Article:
Paris retail sales start January 7th for six weeks of bargains

Written by admin on December 29, 2008 – 12:28 pm -

Admittedly, the economy is terrible and many people are worried about finances. But that doesn’t necessarily mean everyone should stop traveling. They simply need to know how to travel smarter because now, for anyone that happens to have some extra cash, it may be time to head to the City of Light for shopping and more.

Airlines want to fill their planes and they’re having a hard time doing that these days. Surf the Internet. There are lots of deeply discounted fares, especially if travelers are able to be somewhat flexible with dates. Ditto for hotels. There are many websites offering last minute and discounted prices.

If you need an excuse to visit Paris, shopping when bargains are real and plentiful is as good as any. The winter retail sales in Paris officially begin on January 7, 2009, and continue for six weeks. Stores discount their stock by up to 70%. If travelers are leaving the EU, they’re entitled to a tax rebate (up to 15%) if they spend a minimum of €175 in the same store on one day. Gone, unfortunately, are the days when visiting shoppers could accumulate receipts during a week and qualify for the sum total of the tax rebate.

The French are gunning for the shopping tourist trade and have launched a website Shopping Paris that tells visitors what’s hot and happening during the sales.

Parisians by nature love shopping. Paris has 17,500 shops (many aren’t much larger than a postage stamp). That’s 29 stores per 1,000 inhabitants. Once travelers are shopped out, dine at one of approximately 10,000 restaurants to refresh the body, take in a show at one of the 145 theaters to refresh the soul and visit one of the city’s renowned museums.

It doesn’t take much other than comfortable shoes to walk the streets and get some inspiration. Be sure to bring appropriate clothes. Even though it rarely snows (or if it does, it doesn’t stick), a knit hat, scarf, gloves and boots will undoubtedly come in handy.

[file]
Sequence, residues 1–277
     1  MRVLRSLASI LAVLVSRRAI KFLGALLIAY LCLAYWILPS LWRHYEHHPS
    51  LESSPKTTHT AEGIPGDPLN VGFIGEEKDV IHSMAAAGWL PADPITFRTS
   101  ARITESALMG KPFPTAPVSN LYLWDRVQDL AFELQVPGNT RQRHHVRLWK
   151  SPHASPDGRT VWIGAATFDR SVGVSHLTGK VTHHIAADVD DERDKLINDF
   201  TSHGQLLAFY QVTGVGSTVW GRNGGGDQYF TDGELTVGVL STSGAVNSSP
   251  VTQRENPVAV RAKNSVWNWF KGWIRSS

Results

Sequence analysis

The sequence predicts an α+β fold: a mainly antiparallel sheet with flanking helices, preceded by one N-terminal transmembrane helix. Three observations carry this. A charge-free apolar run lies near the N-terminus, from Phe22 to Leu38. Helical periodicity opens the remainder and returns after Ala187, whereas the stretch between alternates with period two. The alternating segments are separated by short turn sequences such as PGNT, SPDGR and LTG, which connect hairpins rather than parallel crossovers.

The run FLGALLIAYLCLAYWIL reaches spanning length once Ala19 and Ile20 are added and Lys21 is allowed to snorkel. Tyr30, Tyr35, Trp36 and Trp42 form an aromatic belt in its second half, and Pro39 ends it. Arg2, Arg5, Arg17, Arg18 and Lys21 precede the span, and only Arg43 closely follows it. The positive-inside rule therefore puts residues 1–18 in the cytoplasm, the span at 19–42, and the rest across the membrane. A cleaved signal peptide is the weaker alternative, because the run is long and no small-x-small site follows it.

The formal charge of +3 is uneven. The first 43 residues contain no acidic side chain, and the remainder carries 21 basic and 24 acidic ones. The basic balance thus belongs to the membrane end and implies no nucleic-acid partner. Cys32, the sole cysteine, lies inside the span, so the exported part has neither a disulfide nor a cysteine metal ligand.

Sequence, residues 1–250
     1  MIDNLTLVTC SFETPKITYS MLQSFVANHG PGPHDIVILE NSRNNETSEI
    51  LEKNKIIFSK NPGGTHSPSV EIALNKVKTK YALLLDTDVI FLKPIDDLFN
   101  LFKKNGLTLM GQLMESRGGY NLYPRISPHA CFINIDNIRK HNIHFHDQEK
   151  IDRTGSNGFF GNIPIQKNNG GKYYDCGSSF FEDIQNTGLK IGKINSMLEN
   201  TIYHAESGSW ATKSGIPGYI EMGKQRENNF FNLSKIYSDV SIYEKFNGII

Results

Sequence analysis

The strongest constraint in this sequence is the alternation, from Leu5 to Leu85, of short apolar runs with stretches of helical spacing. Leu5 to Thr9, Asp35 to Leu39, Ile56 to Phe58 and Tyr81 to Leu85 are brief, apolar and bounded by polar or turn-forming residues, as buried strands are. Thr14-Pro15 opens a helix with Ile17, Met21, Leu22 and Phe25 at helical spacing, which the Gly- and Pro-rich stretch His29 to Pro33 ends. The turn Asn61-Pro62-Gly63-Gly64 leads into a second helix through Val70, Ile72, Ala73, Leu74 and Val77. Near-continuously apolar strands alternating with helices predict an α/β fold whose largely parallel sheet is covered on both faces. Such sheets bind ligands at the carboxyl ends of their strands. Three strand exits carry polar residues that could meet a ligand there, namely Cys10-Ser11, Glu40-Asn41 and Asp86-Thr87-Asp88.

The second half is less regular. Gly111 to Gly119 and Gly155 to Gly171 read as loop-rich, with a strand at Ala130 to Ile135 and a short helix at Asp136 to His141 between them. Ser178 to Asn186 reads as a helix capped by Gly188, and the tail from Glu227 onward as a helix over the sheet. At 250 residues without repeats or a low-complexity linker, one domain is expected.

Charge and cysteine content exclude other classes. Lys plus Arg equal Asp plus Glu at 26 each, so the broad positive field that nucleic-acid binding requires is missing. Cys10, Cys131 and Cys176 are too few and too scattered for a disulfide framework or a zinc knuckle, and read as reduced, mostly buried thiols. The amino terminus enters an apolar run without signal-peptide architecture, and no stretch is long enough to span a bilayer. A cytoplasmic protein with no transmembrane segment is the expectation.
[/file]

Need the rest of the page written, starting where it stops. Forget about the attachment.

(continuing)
Here are five new shopping itineraries targeted at individual’s different styles of dressing. Be sure to buy a Plan de Paris (a small book that you can carry with you that notes every street). Another option is using the GPS function if you’re carrying a Blackberry or an iPhone. Check with your provider before leaving the U.S. about activating it and the costs you’ll incur.

Clothes glorious clothes:

Classic: Looking for timeless elegance? Head to these areas: Montaigne, Champs-Élysées, Place Vendôme and Palais Royal.

Trendy and cutting edge: Le Marais, Saint-Germain-des-Prés, Haussman, Étienne Marcel, and Les Halles. Les Halles is a good bet for anyone on a limited budget.

Bobo-chic (or the charm of arty intellectual Paris): Sèvres-Babylone, Odéon, Charonne, and Canal Saint-Martin.

Creative and young designers: Try Bir Hakeim, Abbesses, Marché Saint-Honoré, and Saint-Paul.

Fusion Fashion World or cultural melting pots: head to Belleville, La Villette, Olympiades, Ledru-Rolli, and Opéra.

Don’t overlook outdoor markets. Even though many of them concentrate on selling food, there are usually plenty of clothing vendors. I’ve bought some terrific wearables for a fraction of the cost I’d have to pay in a store.

Even if a browser ends up buying nothing, walking these neighborhoods will teach a great deal about the city and its people. The shopper’s view of Paris after diving into the Paris-on-sale world will be far different from those people who take a city tour or a cruise on the Seine.

Visitors forget how small the city is. In its entirety, Paris is only 41 square-miles and the Métro and the buses will move millions quickly from shop to boutique comfortably and quickly. What more could you want?

Karen Fawcett is president of BonjourParis.

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Posted in Consumer Traveler |